By Danielle Gudakunst
Diversity can mean different things to different people, and it’s constantly changing.
To help us keep up with the changing face of diversity, Stacy Brooks of the American Physiological Society, Melanie Padgett Powers of MelEdits, and Damita Snow of the American Society of Civil Engineers shared their experiences and knowledge during AM&P’s 2018 Annual Meeting.
The session, “Advancing Diversity & Inclusion through Content,” highlighted how writers, editors, and other media and publishing professionals can help membership organizations stay progressive by incorporating diversity and inclusion into both their content strategy and their staff composition.
For membership organizations, diversity among contributors is key. To connect and engage, members need to see themselves as included in the organization. For instance, think of an entry-level woman reading a magazine entirely authored by men at the pinnacle of their careers or a person of color watching videos that only feature people who are white.
Your contributors should represent your real and potential members. Consider asking colleagues or committee members to recommend authors or contributors from under-represented groups they might know. Solicit contributors via a newsletter or social media to draw a more diverse group.
Pay attention to the diversity (or lack thereof) in speakers and panels at events. People are often willing to add a co-speaker or change a panel member if you point out the lack of diversity.
For many of us in AM&P, content is king. It’s what drives us — and keeps us employed. But like contributors, our members need to be able to connect and engage with the content for it to be of value.
Take a page from the American Physiological Society’s book and seek out content that speaks to diverse communities and provides nuanced angles. Not all of your members have the same experiences or worldviews, so make sure your content reflects that.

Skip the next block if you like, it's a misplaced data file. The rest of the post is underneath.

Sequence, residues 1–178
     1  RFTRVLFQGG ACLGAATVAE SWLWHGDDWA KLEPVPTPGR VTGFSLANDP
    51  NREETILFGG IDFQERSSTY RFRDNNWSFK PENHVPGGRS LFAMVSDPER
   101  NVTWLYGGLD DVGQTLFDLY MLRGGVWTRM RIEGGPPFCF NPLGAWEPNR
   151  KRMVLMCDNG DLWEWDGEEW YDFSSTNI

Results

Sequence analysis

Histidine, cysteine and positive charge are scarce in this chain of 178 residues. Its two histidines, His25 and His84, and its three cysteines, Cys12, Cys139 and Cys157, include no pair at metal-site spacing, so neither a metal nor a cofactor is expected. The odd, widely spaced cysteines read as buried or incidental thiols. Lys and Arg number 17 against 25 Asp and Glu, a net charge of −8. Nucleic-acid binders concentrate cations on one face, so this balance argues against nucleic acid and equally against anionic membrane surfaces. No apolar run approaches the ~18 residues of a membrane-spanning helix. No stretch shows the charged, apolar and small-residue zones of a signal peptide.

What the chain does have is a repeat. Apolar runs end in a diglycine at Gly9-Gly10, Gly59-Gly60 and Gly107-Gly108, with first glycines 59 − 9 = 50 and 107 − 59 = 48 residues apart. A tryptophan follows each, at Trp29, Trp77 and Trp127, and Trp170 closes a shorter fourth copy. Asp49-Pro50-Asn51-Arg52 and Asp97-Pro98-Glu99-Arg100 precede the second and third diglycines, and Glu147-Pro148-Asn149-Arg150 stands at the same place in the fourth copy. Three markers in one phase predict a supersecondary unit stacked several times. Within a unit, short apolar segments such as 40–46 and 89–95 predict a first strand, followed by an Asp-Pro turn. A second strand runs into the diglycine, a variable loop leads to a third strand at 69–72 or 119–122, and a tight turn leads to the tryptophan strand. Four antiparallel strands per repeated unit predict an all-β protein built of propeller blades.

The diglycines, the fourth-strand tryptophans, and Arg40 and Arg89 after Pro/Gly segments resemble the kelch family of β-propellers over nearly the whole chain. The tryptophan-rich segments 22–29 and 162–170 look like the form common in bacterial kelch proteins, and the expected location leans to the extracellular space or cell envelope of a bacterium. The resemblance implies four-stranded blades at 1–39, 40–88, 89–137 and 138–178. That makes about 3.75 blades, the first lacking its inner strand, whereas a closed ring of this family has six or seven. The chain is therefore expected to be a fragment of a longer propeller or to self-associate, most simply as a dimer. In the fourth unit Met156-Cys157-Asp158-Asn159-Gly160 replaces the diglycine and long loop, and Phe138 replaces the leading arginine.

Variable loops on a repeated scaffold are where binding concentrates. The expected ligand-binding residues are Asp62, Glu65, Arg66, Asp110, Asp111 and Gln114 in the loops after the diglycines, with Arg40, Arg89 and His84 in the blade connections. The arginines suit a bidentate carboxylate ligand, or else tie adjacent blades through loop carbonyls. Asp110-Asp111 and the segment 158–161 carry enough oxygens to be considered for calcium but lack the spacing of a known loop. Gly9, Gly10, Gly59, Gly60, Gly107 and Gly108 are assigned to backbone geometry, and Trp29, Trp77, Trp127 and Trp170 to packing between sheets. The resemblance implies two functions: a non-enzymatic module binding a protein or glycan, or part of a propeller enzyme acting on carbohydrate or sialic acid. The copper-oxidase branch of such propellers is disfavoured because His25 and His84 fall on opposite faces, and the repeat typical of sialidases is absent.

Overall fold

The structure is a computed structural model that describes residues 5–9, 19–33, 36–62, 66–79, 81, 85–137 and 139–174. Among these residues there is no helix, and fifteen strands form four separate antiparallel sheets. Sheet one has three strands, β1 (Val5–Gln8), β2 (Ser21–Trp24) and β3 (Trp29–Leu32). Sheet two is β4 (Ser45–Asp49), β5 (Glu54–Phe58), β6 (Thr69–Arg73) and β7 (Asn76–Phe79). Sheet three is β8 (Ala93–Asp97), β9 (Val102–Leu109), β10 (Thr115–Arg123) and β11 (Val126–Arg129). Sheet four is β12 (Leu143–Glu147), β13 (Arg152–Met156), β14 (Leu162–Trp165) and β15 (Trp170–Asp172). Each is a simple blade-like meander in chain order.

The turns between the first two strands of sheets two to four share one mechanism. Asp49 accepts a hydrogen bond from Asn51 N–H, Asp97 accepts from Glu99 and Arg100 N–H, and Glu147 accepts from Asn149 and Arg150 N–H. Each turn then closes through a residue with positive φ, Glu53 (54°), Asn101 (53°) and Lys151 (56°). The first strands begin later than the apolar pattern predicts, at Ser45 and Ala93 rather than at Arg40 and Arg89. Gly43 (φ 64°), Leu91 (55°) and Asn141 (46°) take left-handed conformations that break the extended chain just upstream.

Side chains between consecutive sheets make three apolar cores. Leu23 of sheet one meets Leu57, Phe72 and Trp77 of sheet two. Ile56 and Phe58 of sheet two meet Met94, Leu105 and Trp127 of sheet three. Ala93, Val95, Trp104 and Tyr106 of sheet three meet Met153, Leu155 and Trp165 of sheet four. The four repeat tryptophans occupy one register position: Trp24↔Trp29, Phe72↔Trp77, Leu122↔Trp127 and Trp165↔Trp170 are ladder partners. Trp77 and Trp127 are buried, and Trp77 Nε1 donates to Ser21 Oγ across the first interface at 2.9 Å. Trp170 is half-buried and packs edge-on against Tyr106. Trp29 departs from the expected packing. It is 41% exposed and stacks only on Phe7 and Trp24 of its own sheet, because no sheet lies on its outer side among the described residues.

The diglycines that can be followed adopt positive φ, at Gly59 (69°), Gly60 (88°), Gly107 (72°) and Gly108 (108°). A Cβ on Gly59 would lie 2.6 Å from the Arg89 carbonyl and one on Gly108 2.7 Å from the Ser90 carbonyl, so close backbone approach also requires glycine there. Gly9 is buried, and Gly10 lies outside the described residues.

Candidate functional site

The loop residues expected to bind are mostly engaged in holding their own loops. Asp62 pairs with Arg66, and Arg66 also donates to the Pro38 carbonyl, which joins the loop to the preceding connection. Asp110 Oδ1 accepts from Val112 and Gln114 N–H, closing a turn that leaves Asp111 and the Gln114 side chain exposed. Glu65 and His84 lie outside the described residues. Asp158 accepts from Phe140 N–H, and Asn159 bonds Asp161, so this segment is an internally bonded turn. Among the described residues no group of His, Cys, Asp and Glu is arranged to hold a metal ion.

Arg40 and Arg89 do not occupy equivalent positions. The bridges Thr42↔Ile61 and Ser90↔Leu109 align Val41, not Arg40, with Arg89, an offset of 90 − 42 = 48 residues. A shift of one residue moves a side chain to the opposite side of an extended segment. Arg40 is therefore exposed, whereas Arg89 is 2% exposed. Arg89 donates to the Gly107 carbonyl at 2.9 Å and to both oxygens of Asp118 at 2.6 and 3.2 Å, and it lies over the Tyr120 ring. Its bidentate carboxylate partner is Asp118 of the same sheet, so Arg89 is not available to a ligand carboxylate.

Stick to a positive tone. Members who connect closely to the author or featured person in a negative story might feel they are not viewed as positive contributors to the organization or industry.
To further enhance diverse content or messaging, accompany it with diverse imagery. If the member photos available don’t portray the diversity you’re seeking, considering a dual-image format that allows you to mix and match member photos and stock photos.
In addition to racial and gender diversity, consider inclusive stock images that are more nuanced and that more of your readers can relate to. For instance, a fitness article that only portrays thin or extremely muscular people might turn off readers who don’t have those physiques. Stock photos are often a better fit for social media than author photos.
According to Powers, the best editors know how to put their audience first, which ties into one of the key rules of inclusive language: people first. Inclusive language focuses on the person, and if the person’s disability or other condition is relevant, uses phrases like “person with a disability.” Even better, be specific: “person with cerebral palsy.”
A particular concern in inclusive language is how to handle the discussion or reporting of sexual harassment, especially in the #MeToo era. A few tips:
Avoid sloppy reporting and defamation.
Use correct legal definitions.
Get the facts right and be as specific as possible. Be careful; minor details can open the way for mistrust or doubt.
Avoid negative terms like scandal.
Stay away from young woman — does it matter?
*Tip: Avoiding female gender bias
Want to make sure your article about a person who happens to be female doesn’t include gender bias? Use the Finkbeiner Test, a checklist proposed by journalist Christie Aschwanden to help journalists avoid gender bias in media articles about women in science. To pass the test, an article about a female scientist must not mention:
- That she is a woman
- Her husband's job